“How can we ensure that every child has an equal opportunity for healthy growth and development?” This is referred to as “The Big Question” on Prevent Child Abuse America’s sponsored website, www.movementforchildren.org. The Movement is a grass roots initiative to develop a comprehensive national strategy to ensure all of our children are given an opportunity to develop: – socially, emotionally and cognitively Maggie Kromm

schools, communities, businesses, media, faith institutions and, of course, parents. Everyone is welcome to attend this educational conference, open to the public. The keynote speaker, Dr. Tom Peterson, FAAP, Helen DeVos Children’s Hospital and Spectrum Health, will introduce FitKids360: a healthy lifestyle program developed to teach families healthy behaviors. In addition to Dr. Peterson, the conference will offer break-out sessions this year during which participants can learn about a variety of health topics including reading nutrition labels, diabetes in youth, and adolescent body image counseling. The goal is to help children and their families live longer, healthier lives. Attendees can download a registration form at www.UpNorthChildAbuseCouncil.org.

– in healthy, nurturing homes, schools, neighborhoods and communities.

Fun online resources www.healthychildren.org

(hosted by the American Academy of Pediatrics, free growth chart available)

www.nhlbi.nih.gov/health/ public/heart/obesity/wecan/ (We Can! Ways to Enhance Children’s Activity and Nutrition)

www.chopchopmag.org

(Fun cooking magazine for families; recipes for meals and snacks, games/activities beyond how to cook but how and why to eat healthfully)


2012 Annual Chi ld Abuse Counci l Spring Conference

“Active Child, Healthy Eating: What is Your Role?” Every child deserves an equal opportunity for healthy growth and development. The Child Abuse Council annual spring conference is focusing on children’s health as it relates to nutrition and physical activity. Date/Time

Friday, April 20, 8:15 a.m. to 4:30 p.m. (lunch provided)

Location

North Central Michigan College, Petoskey

Audience

Community Leaders, Teachers, Health Care and Social Service Professionals, Parents, Caregivers, and anyone working with children and families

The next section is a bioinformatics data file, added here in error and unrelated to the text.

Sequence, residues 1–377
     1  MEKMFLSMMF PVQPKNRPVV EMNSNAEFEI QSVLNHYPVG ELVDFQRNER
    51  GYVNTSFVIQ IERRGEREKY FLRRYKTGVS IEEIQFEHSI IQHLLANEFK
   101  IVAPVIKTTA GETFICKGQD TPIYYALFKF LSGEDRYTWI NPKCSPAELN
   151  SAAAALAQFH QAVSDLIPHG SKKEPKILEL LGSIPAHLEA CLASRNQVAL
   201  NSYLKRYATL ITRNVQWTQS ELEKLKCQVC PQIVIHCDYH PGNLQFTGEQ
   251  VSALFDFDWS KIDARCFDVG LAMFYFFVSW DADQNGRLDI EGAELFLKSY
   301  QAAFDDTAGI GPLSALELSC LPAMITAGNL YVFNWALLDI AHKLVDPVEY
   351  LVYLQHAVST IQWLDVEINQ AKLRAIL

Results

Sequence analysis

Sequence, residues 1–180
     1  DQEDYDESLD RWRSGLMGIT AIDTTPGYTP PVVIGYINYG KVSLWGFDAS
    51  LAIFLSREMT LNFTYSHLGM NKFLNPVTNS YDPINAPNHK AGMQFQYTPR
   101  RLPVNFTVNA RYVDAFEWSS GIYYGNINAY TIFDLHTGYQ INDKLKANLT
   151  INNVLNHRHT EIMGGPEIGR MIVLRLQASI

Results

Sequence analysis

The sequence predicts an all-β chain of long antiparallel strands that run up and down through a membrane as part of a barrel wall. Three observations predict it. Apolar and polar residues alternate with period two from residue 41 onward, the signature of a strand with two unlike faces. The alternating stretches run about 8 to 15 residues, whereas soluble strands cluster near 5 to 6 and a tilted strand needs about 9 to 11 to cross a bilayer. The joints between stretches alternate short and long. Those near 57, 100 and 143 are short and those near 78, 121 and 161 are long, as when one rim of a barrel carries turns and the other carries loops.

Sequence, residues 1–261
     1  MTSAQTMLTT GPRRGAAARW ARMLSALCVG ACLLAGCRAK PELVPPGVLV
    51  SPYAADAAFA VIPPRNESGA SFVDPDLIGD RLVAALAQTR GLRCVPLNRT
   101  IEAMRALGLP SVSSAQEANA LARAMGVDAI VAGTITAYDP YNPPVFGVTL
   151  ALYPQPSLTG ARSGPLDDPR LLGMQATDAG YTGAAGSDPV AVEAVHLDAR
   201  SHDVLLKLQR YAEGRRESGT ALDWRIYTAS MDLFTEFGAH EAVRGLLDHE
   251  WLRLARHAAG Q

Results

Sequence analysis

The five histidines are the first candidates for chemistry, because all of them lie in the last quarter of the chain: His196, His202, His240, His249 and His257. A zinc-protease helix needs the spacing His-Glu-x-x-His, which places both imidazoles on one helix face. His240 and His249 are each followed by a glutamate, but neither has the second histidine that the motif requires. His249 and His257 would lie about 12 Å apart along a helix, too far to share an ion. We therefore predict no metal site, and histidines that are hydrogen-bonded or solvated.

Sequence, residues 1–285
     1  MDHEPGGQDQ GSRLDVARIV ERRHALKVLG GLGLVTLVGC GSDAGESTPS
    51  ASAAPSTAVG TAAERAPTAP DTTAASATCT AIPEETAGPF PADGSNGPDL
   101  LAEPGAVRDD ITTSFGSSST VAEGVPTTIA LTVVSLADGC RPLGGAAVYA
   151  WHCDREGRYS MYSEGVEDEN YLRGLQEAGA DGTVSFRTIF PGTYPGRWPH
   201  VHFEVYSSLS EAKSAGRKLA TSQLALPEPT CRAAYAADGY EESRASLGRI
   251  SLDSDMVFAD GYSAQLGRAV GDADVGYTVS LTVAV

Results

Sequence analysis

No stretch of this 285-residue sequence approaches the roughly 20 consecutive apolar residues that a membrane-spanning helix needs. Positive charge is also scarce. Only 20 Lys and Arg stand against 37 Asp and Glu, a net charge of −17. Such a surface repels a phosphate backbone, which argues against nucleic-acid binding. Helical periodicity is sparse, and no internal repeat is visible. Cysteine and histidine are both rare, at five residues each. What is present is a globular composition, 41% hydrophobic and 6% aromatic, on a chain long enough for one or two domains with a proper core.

Description

Participants will choose 2 break-out sessions on topics such as: Physical Education Everywhere, Decoding Food Labels, Adolescent Eating Disorders, Diabetes in Youth, and Fuel Up to Play 60 (detailed descriptions are available online on the registration form). Attendees will:  Learn about community resources  Have an opportunity to earn Social Work CEUs, Educator SB-CEUs, and Nursing CEUs pending approval.

Cost

There is no fee for school personnel, foster parents, or teen parents. $45 for all other registrants. Scholarships offering 50% reduced registration rate are available by request by emailing childabusecouncil@gmail.com. Make checks payable to the Child Abuse Council. Save $10 if you register by March 15.

Registration

Deadline is April 12. All attendees please download a registration form at www.UpNorthChildAbuseCouncil.org . Completed registration forms and payments should be mailed to: Child Abuse Council, P.O. Box 414, Petoskey, MI, 49770.

Sponsors

The Child Abuse Council serving Charlevoix and Emmet Counties, Charlevoix-Emmet Intermediate School District, Northern Michigan Regional Hospital, St. John’s Episcopal Church of Harbor Springs, Char-Em Great Start Collaborative and Parent Coalition, Petoskey-Harbor Springs Area Community Foundation

Dr. Tom Peterson Keynote address by Tom Peterson, MD, FAAP, Helen DeVos Children’s Hospital. Dr. Peterson is the Executive Director for patient safety, quality improvement and community health. He has led the development of the Helen DeVos Children’s Hospital Healthy Weight Center which opened in April of 2010. Dr. Peterson has also led the development of the FitKids360 program in West Michigan.

Child Abuse Council Serving Charlevoix and Emmet Counties

Fo r m o re i n fo r m a t i o n v i s i t w w w. Up N o r t h C h i l d A b u s e C o u n c i l . o r g Up North FAMILIES

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Parent Leadership: What does it take? By Mandy Peterson, Great Start Parent Coalition Liaison

P

arent leadership is a key component to the future of Michigan. Why you ask? ˜ e answer is simple: it involves the children that one day will be our leaders. Parent leadership is not just one parent who is “gung-ho” about parenting. Don’t get me wrong these parents are great and they help keep the momentum going. However, parent leadership occurs when parents or primary caregivers have access to knowledge. ˜ is knowledge combined with skills, resources and e« ective partnerships is a formula for success. Parent leadership is successful when parents and professionals build partnerships. With these partnerships come shared responsibilities, expertise from all and the e« ectiveness to move forward. Moving forward allows for change, consideration of new policies and makes a positive di« erence in the lives of children and families.